Two particularly important metabolic enzymes are Superoxide Dismutase (SOD) and its partner, Catalase. SOD is an antioxidant that protects the cells by attacking a common free radical, superoxide.

    Catalase breaks down hydrogen peroxide, a metabolic waste product, and liberates oxygen for the body to use.

    The body uses most of its enzyme-producing potential to produce about 2 dozen enzymes. These control the breakdown and utilization of proteins, fats, and carbohydrates to create the hundreds of metabolic enzymes necessary to maintain the rest of the tissues and organs in their functions.


    Enzymes can be found naturally in many different foods, both from plant and animal sources. Avocados, papaya, pineapples, bananas, and mangoes are all high in enzymes. Sprouts are the richest source. Unripe papaya and pineapple are excellent sources of enzymes. The enzymes extracted from papaya and pineapple are Papain and Bromelain, respectively, and are Proteolytic Enzymes, which break down proteins.

    Many fat-containing foods also supply Lipase, which breaks down fats. In fact, fat in food exposed only to Pancreatic Lipase (the Lipase produced by the body) in the intestines is not as well digested as fat that is first worked on by the stomach by Food Lipase. Pancreatic Lipase digests fat in a highly alkaline environment (the intestines), whereas Lipase found in food fats works in a more acidic environment (the stomach). The optimal extraction of nutrients from fats depends on the work of different fat-digesting enzymes in successive stages.

    Hydrochloric Acid (HCl) comes in several different forms, including Lysine HCl and Betaine HCl. Betaine HCl is derived from sugar beets. When new, HCl capsules and tablets are almost white in color, but sometimes they can turn a deep purple when they age. Supplemental HCl is not sold in powder or liquid form because contact with the teeth can damage tooth enamel. HCl has a sulfur-like odor. Betaine HCl is often combined with Pepsin to aid in stomach function.

    Superoxide Dismutase occurs naturally in a variety of food sources, including barley grass, broccoli, Brussels sprouts, cabbage, wheatgrass, and most green plants.

    As powerful as they are, enzymes cannot act alone. They require adequate amounts of other substances, known as coenzymes, to be fully active. Among the most important coenzymes are the B-Complex Vitamins, Vitamin C, Vitamin E, and Zinc.


    While the body manufactures a supply of enzymes, it can also obtain enzymes from food. In fact, the body's ability to manufacture enzymes is being seriously taxed by our diet of processed and highly cooked food. Unfortunately, enzymes are extremely sensitive to heat. Even low to moderate heat (118°F or above) destroys most enzymes in food. To obtain enzymes from the diet, one must eat raw foods. Eating raw foods or, alternatively, taking enzyme supplements, helps prevent the depletion of the body's own enzymes and thus reduce the stress on the body.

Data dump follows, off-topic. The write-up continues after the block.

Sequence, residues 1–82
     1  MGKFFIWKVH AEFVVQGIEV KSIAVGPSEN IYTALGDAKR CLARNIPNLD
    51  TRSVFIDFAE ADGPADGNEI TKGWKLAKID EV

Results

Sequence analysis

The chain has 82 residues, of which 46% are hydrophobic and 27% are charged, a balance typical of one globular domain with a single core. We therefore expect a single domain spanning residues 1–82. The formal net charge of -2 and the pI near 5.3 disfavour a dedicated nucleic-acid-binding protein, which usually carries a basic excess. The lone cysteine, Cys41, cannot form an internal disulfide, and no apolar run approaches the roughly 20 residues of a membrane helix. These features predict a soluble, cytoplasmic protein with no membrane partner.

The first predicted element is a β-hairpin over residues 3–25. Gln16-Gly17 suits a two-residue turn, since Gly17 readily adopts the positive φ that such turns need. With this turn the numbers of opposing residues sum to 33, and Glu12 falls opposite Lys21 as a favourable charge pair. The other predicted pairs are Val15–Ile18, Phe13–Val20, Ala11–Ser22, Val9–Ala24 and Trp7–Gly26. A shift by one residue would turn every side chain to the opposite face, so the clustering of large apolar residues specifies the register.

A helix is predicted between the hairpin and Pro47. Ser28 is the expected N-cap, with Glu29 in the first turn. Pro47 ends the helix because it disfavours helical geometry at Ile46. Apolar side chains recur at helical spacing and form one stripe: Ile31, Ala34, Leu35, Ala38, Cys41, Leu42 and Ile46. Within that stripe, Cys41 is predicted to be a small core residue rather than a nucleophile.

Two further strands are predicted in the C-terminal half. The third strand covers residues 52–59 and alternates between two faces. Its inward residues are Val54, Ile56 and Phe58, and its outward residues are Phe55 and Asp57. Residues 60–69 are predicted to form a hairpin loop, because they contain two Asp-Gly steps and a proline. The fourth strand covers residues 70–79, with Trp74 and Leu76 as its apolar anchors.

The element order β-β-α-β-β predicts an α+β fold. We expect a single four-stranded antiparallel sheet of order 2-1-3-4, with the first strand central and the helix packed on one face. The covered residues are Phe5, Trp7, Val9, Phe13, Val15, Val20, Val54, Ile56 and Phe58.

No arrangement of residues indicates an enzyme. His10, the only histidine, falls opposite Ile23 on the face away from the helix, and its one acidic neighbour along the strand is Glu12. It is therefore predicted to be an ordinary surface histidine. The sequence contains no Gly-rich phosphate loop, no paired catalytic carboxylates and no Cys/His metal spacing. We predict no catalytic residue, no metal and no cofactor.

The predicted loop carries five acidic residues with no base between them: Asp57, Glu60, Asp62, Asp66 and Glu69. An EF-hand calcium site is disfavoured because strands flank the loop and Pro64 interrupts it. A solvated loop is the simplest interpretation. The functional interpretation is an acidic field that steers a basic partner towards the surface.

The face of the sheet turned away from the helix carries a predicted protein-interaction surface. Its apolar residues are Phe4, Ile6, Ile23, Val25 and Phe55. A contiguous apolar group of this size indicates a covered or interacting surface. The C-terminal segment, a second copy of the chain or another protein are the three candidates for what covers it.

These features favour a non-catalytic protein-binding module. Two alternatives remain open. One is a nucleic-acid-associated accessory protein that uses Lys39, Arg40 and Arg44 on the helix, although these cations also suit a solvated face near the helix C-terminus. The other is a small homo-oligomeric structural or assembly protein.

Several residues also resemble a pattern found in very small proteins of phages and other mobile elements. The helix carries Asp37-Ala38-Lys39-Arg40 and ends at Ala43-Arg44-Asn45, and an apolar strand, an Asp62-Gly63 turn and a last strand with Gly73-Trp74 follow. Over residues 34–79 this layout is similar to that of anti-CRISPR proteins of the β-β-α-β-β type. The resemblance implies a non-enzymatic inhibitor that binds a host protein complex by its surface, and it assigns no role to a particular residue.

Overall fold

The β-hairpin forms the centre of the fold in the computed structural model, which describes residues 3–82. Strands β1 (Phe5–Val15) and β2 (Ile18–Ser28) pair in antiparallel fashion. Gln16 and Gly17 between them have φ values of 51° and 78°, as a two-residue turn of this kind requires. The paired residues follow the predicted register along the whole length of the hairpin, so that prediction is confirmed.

Anyone who has a malabsorption problem, a yeast infection (candidiasis), or is over age 60 and whose digestive process seems to be stalling out, resulting in unpleasant symptoms should take enzyme supplements. Ingredients should include Pancreatin, Lipase, Amylase, and Protease. This combination ensures digestion and absorption of amino acids, fat-soluble nutrients, and carbohydrates. Bromelain, derived from pineapple stems, along with Papain, derived from the papaya fruit, also are welcome. Specific problems can be addressed by the addition of specific enzymes. For instance, people who have trouble with dairy sugars should consider Lactase; people who cannot digest legumes might try Legumase. Hydrochloric Acid supplements also might be necessary in the form of Betaine Hydrochloride taken as capsules at the start of each meal.

    The majority of commercially available enzymes are digestive enzymes extracted from various sources. Enzymes are not manufactured synthetically. Most commercial enzyme products are made from animal enzymes, such as pancreatin and pepsin, which help in the digestion of food once it has reached the lower stomach and the intestinal tract. Some companies make their supplements from enzymes extracted from aspergillus, a type of fungus.

    These enzymes begin their pre-digestive work in the upper stomach. All of these products are used primarily to aid the digestion of foods and absorption of nutrients especially protein. If proteins are not completely digested, undigested protein particles may make their way into the bloodstream through the intestinal wall with other nutrients. This phenomenon is known as leaky gut syndrome, and it can result in allergic reactions that may be more or less severe, depending upon the strength of the immune system. This is one reason why the proper digestion of proteins is so important.